Wednesday, June 26
In the summer of 1912, the Vienna Philharmonic presented a week-long Music Festival that offered three “Ninths”—Beethoven’s Ninth conducted by Felix Weingartner, Bruckner’s Ninth conducted by Artur Nikisch, and, on today’s date, the world premiere of Gustav Mahler’s Ninth, conducted by Bruno Walter.
Mahler had died the previous year, and the Viennese public greeted the posthumous premiere of his last complete work with a roar of applause—and decidedly mixed reviews. The work’s elegiac opening won over most of the professional critics, but many were frankly puzzled by some of the symphony’s raucous middle movements.
Bruno Walter, the Mahler protégé who conducted the premiere, was singled out for praise, however. Walter made two famous recordings of Mahler’s Ninth: The first made live during a January 16, 1938, concert of the Vienna Philharmonic. On January 16, 1961—exactly 23 years to the day after that 1938 recording—Walter began making a stereo recording of Mahler’s Ninth at the American Legion Hall in Hollywood, with the Columbia Symphony.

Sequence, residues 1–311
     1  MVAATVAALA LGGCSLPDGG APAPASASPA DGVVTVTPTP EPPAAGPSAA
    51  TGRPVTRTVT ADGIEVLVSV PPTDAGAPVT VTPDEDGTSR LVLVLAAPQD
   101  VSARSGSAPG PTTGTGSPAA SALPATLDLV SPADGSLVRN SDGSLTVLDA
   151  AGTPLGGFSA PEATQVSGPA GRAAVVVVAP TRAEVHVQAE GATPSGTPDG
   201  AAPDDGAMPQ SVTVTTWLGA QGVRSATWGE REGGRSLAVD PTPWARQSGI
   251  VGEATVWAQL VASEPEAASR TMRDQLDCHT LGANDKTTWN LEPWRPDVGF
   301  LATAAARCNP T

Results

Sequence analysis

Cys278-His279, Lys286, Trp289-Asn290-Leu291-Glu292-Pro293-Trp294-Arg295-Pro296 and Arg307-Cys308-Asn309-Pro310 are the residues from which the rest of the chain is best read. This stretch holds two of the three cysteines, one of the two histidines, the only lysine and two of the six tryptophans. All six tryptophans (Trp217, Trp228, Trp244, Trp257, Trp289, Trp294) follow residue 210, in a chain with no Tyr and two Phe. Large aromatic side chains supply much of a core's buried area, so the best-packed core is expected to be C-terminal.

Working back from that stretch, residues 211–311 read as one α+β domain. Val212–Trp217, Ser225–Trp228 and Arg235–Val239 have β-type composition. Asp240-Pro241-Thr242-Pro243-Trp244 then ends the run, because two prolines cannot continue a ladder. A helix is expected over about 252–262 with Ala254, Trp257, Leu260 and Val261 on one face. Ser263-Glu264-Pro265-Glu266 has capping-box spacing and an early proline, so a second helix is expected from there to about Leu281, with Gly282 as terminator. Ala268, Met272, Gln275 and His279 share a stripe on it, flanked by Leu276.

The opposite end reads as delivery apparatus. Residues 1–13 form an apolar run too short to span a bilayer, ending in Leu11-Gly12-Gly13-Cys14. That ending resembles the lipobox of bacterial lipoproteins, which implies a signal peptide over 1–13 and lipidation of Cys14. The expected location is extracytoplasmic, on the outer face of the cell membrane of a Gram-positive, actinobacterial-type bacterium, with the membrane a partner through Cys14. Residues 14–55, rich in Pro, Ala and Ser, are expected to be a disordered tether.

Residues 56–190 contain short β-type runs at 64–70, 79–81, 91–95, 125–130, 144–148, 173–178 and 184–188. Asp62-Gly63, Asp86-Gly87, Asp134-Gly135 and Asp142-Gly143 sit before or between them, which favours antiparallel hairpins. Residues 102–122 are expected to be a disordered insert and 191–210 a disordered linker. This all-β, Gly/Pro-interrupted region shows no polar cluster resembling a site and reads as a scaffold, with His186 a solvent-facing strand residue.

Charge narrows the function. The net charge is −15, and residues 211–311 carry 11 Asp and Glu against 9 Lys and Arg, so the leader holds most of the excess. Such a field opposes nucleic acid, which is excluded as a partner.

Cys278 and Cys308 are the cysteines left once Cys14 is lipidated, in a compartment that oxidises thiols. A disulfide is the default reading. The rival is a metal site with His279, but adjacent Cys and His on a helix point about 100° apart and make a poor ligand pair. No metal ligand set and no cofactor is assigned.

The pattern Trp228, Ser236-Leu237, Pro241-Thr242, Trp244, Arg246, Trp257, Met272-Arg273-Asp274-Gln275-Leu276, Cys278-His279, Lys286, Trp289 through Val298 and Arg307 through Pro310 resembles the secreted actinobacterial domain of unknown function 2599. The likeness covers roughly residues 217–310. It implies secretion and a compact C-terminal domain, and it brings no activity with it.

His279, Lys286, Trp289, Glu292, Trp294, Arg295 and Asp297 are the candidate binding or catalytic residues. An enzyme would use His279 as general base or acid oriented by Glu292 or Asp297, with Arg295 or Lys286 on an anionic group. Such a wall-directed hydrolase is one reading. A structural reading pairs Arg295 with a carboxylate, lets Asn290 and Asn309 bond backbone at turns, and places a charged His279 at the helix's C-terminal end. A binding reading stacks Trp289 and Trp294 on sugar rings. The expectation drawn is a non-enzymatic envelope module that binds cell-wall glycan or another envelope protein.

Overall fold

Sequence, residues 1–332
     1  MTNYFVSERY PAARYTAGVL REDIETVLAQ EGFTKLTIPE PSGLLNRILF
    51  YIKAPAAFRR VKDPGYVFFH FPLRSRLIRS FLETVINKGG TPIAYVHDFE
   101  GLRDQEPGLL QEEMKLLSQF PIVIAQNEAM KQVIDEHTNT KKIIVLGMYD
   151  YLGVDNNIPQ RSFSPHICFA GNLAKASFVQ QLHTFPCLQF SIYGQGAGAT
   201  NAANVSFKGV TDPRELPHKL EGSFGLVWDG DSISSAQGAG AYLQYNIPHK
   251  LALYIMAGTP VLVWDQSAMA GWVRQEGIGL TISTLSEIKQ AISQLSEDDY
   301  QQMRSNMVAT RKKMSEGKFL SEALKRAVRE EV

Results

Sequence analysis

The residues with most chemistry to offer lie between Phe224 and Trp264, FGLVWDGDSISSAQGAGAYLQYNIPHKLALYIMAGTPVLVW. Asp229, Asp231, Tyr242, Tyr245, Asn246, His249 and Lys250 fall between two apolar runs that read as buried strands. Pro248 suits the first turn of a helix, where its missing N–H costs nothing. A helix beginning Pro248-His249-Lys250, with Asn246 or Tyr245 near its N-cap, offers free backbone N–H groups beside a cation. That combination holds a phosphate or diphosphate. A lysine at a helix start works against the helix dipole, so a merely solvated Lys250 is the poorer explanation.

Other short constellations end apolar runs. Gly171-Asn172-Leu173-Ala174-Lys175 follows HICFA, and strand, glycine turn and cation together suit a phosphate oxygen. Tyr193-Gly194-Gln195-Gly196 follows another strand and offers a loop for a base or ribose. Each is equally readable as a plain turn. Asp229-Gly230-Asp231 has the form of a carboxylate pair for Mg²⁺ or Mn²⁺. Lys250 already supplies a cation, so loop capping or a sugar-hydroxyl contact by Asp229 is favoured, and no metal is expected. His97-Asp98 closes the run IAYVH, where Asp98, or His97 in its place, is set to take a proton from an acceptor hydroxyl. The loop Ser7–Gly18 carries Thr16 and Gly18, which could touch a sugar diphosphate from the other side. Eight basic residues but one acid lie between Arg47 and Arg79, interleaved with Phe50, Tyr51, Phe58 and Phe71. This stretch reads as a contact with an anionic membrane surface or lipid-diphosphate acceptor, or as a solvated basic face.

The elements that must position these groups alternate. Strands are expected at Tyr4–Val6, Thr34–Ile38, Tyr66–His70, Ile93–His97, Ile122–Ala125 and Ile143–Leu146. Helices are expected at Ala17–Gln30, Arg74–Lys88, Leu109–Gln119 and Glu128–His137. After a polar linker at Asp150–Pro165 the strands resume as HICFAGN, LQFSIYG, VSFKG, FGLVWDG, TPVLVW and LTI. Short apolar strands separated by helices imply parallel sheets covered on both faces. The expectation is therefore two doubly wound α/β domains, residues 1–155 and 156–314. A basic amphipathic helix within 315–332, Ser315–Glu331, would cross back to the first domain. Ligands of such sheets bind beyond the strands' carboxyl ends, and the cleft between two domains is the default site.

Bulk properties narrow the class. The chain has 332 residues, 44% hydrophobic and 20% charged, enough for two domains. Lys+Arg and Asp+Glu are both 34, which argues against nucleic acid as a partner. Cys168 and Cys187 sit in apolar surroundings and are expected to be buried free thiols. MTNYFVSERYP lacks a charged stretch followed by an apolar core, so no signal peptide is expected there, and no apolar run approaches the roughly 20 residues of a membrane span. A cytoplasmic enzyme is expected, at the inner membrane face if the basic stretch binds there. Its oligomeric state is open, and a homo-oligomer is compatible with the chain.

Walter was 84 in 1961, and despite repeated pleas from the control room, couldn’t stop himself from vigorously stamping his foot 17 seconds into the second-movement, Laendler—a thump not written in Mahler’s score, but now part of Walter’s classic second recording.
Music Played in Today's Program
Gustav Mahler (1860 – 1911) Symphony No. 9 Columbia Symphony; Bruno Walter, cond. Sony 64452
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